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Advancing Social Media Measurement for Foundations: A Re-Cap (Part One)
May 29, 2013

(Beth Kanter is a Master Trainer and the author of Beth's Blog, one of the longest running and most popular blogs for nonprofits, and co-author of the highly acclaimed book, The Networked Nonprofit, published by J. Wiley in 2010, and its new follow-up, Measuring the Networked Nonprofit, published in 2013 by J. Wiley.)

Kanter-100Last month, I was invited to participate in a meeting organized by the Robert Wood Johnson Foundation called Advancing Social Media Measurement for Foundations where I presented on the State of Nonprofit Social Media Measurement. The participants were a cross-disciplinary group and included people who work at different foundations in the areas of evaluation, communication, social media, and programs as well as people who work for nonprofits and as consultants who work in evaluation, social media, network analysis, data scientists, and others.

To be transparent means that a foundation is open, accountable, and honest with its stakeholders and the public. Transparency exists to a lesser or greater extent in all organizations. Greater transparency is a good thing, not just because it is morally correct, but because it can provide measurable benefits.

We had two working sessions where we focused on defining outcomes, strategies, key performance metrics, and measurement methods for five outcome areas that may be common to many foundation’s communication’s strategies including transparency –a topic that KD Paine and I devoted an entire chapter to in our book, Measuring the Networked Nonprofit.

Transparency is a developing practice for nonprofits and their funders, and the field of measurement of transparency for foundations and nonprofits is embryonic. To be transparent means that a foundation is open, accountable, and honest with its stakeholders and the public. Transparency exists to a lesser or greater extent in all organizations. Greater transparency is a good thing, not just because it is morally correct, but because it can provide measurable benefits.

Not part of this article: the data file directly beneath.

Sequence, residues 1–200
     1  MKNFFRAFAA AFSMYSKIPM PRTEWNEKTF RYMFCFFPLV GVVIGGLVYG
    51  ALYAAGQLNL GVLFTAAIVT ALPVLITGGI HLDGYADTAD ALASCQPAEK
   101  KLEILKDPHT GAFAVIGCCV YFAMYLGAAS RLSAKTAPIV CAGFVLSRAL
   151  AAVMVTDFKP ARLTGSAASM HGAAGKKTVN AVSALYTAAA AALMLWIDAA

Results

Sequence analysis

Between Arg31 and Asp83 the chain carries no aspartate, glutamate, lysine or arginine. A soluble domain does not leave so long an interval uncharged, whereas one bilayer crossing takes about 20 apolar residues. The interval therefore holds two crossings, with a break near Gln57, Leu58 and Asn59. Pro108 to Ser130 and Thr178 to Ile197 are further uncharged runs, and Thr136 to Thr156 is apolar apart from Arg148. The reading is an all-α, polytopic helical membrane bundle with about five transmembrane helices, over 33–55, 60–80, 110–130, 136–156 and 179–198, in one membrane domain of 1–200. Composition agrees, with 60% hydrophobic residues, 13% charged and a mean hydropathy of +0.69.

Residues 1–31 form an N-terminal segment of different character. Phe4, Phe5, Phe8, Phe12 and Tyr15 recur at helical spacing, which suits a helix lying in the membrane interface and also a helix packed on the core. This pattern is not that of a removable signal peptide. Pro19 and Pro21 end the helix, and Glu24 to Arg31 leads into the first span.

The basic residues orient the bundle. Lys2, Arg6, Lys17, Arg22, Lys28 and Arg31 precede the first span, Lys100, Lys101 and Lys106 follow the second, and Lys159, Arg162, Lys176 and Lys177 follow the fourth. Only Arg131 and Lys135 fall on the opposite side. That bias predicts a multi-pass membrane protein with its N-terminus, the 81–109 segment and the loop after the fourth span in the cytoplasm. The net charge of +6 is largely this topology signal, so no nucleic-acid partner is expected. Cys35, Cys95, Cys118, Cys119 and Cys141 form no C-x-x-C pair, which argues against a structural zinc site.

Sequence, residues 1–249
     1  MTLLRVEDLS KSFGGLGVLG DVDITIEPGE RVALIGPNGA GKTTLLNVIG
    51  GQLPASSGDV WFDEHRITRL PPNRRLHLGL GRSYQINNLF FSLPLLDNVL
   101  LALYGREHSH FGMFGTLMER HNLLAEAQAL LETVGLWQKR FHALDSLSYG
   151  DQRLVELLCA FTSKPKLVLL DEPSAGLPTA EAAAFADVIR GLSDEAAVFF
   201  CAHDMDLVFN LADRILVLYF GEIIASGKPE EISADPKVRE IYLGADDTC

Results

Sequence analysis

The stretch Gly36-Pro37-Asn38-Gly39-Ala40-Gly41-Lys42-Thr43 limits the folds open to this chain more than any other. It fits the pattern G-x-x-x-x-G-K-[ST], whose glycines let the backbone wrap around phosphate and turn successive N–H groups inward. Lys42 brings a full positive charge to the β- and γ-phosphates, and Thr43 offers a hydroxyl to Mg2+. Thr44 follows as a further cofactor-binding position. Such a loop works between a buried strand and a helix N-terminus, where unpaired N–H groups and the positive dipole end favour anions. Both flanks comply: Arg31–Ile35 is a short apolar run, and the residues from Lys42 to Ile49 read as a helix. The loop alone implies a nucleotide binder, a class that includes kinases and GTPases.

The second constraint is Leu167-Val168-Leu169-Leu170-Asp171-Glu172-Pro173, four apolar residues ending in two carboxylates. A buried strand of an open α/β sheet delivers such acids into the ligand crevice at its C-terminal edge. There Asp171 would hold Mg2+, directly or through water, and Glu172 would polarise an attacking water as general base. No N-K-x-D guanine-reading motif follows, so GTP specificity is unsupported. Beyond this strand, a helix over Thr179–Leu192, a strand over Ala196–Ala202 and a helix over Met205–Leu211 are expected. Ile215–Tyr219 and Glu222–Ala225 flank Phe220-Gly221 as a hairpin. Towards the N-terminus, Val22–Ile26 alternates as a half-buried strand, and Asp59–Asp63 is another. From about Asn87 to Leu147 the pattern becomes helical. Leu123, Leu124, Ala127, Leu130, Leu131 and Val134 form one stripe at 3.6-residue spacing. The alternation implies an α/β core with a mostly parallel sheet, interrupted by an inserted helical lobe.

Measureable Benefits of Transparency
Transparency helps an organization by engaging its audiences and by speeding the processes of learning and growing. Transparency helps foundation programs improve in ways they might not otherwise. Two of transparency’s readily measureable benefits are increased efficiency, and increases in the stakeholder perceptions of trust, commitment and satisfaction.

Increased efficiency: Transparency makes organizations more efficient because it removes the gatekeeping function, which not only takes extra time, but can be an exhausting way to work. When foundations are working transparently, problems are easier to solve, questions are easier to answer, and stakeholder’s needs are met more quickly.

Increased trust, satisfaction, and commitment:  Dr. Brad Rawlins’ research has demonstrated that increased organizational transparency is directly tied to increases in trust, credibility, and satisfaction among the organization’s stakeholders. He sees a key benefit of transparency as, “enhancing the ethical nature of organizations in two ways: first, it holds organizations accountable for their actions and policies; and second, it respects the autonomy and reasoning ability of individuals who deserve to have access to information that might affect their position.”  (Rawlins is the Dean of the Communications Department at Arkansas State University)

Now that we have defined what working transparently means and the benefits, what is the method for measuring it? 

In the second part of my post tomorrow, I will outline the best approaches to measuring the value of transparency to your foundation.

--Beth Kanter

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About Transparency Talk

  • Transparency Talk, the Glasspockets blog, is a platform for candid and constructive conversation about foundation transparency and accountability. In this space, Foundation Center highlights strategies, findings, and best practices on the web and in foundations–illuminating the importance of having "glass pockets."

    The views expressed in this blog do not necessarily reflect the views of the Foundation Center.

    Questions and comments may be
    directed to:

    Janet Camarena
    Director, Transparency Initiatives
    Foundation Center

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